Saturday , September 23 2017 US

Think tank backs academics, Trump who say large number of non-citizens vote illegally

A 2014 study says noncitizens vote illegally in U.S. elections, and they vote mostly for Democrats, but the liberal media and academia have tried to crush the findings. (Associated Press)


February 13, 2017

A small research group has entered the debate on voter fraud, siding with academics who estimate that large numbers of noncitizens illegally register and vote in U.S. elections.

Just Facts, founded in New Jersey 20 years ago by a Brown-educated mechanical engineer, released its findings as President Trump was setting up a task force on voter fraud headed by Vice President Mike Pence.

“Contrary to the claims of certain major media outlets and fact checkers, a comprehensive analysis of polling data, election records and government investigations shows that many non-citizens vote illegally in U.S. elections,” Just Facts President James Agresti told The Washington Times.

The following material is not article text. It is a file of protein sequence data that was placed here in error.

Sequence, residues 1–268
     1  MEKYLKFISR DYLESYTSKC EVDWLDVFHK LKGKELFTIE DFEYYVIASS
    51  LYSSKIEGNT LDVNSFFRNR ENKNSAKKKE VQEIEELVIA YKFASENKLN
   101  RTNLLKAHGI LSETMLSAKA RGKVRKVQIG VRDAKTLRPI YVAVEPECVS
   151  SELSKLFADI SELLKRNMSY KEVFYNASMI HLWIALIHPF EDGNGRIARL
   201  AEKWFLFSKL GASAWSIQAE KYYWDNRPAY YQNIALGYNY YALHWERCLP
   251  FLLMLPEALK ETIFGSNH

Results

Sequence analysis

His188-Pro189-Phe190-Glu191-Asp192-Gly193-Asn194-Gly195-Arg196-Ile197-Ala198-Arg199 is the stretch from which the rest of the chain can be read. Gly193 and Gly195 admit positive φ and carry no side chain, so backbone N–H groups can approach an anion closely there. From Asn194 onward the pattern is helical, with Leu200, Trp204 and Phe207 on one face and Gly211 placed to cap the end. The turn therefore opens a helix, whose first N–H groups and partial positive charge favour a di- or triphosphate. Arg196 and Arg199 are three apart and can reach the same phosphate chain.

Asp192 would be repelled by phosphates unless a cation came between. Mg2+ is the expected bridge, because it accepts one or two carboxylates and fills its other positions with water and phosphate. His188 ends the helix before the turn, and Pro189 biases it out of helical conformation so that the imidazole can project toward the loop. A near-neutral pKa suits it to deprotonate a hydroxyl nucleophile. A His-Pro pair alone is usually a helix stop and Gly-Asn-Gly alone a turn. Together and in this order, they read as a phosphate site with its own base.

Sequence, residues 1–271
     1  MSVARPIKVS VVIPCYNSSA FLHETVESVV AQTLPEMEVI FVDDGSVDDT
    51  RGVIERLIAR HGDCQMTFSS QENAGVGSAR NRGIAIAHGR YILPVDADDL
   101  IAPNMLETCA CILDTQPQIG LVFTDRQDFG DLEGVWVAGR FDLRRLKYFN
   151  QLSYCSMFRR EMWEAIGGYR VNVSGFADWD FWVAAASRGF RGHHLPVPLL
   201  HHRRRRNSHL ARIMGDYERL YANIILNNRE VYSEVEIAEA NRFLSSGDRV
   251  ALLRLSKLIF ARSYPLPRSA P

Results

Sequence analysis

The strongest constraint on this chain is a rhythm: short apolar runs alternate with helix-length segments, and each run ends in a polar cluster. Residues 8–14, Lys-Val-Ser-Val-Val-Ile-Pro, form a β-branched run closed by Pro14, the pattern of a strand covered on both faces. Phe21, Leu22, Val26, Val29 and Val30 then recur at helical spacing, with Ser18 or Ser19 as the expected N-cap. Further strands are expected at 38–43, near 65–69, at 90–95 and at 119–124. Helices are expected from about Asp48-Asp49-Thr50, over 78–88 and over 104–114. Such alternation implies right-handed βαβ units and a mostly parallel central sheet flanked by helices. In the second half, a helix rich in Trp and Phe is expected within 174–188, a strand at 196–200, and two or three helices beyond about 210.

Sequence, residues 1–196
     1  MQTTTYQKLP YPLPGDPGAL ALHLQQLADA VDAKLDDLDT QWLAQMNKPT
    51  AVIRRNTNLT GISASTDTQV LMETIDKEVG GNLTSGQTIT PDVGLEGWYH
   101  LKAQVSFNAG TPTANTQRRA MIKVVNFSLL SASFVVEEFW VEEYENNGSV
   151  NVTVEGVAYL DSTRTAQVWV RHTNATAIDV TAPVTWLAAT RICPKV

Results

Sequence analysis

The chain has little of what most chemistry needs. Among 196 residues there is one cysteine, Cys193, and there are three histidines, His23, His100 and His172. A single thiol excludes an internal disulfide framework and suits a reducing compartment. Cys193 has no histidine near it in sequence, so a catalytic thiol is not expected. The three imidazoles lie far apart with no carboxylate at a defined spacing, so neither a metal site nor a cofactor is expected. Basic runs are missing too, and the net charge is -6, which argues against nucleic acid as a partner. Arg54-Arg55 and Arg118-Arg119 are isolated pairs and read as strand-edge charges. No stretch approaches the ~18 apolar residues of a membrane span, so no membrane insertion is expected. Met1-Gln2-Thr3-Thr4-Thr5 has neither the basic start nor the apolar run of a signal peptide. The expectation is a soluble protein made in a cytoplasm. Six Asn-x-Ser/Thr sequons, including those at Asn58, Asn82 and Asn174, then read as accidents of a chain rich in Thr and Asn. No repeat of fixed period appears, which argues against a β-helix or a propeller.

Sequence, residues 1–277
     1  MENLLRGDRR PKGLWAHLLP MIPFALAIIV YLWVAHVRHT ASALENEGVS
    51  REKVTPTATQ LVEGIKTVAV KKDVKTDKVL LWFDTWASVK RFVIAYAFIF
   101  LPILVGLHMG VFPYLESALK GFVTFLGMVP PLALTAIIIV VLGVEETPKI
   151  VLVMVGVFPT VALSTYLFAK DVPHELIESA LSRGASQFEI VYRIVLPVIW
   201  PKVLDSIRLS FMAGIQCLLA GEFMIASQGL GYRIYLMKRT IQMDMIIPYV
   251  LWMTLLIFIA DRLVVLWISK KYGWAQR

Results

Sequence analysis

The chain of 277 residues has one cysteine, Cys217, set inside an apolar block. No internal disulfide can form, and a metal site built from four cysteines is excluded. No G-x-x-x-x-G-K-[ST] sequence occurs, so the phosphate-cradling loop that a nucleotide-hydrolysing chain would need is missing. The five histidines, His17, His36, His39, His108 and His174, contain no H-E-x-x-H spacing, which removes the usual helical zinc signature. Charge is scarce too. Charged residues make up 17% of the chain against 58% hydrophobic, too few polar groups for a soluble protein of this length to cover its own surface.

Ever since two professors at Old Dominion University and one at George Mason University collaboratively released a 2014 study saying non-citizens vote illegally in U.S. elections, and they vote mostly for Democrats, the liberal media and academia have tried to crush the findings.

The arenas for this heated battle are dueling analytical papers, pitting professors at elite Northeastern universities against the three political scientists at George Mason and ODU, a public research college in Norfolk, Virginia.

It might have stayed that way — two groups of academics passionately debating statistics and demographics. But then Trump pulled a stunning election upset. Weeks into the job, he asserted that he would have won the popular vote as well as the Electoral College vote had it not been for millions of illegal voters.

The president’s elevation of voter fraud in daily public debate has the academics again debating the 2014 ODU paper, sometimes passionately.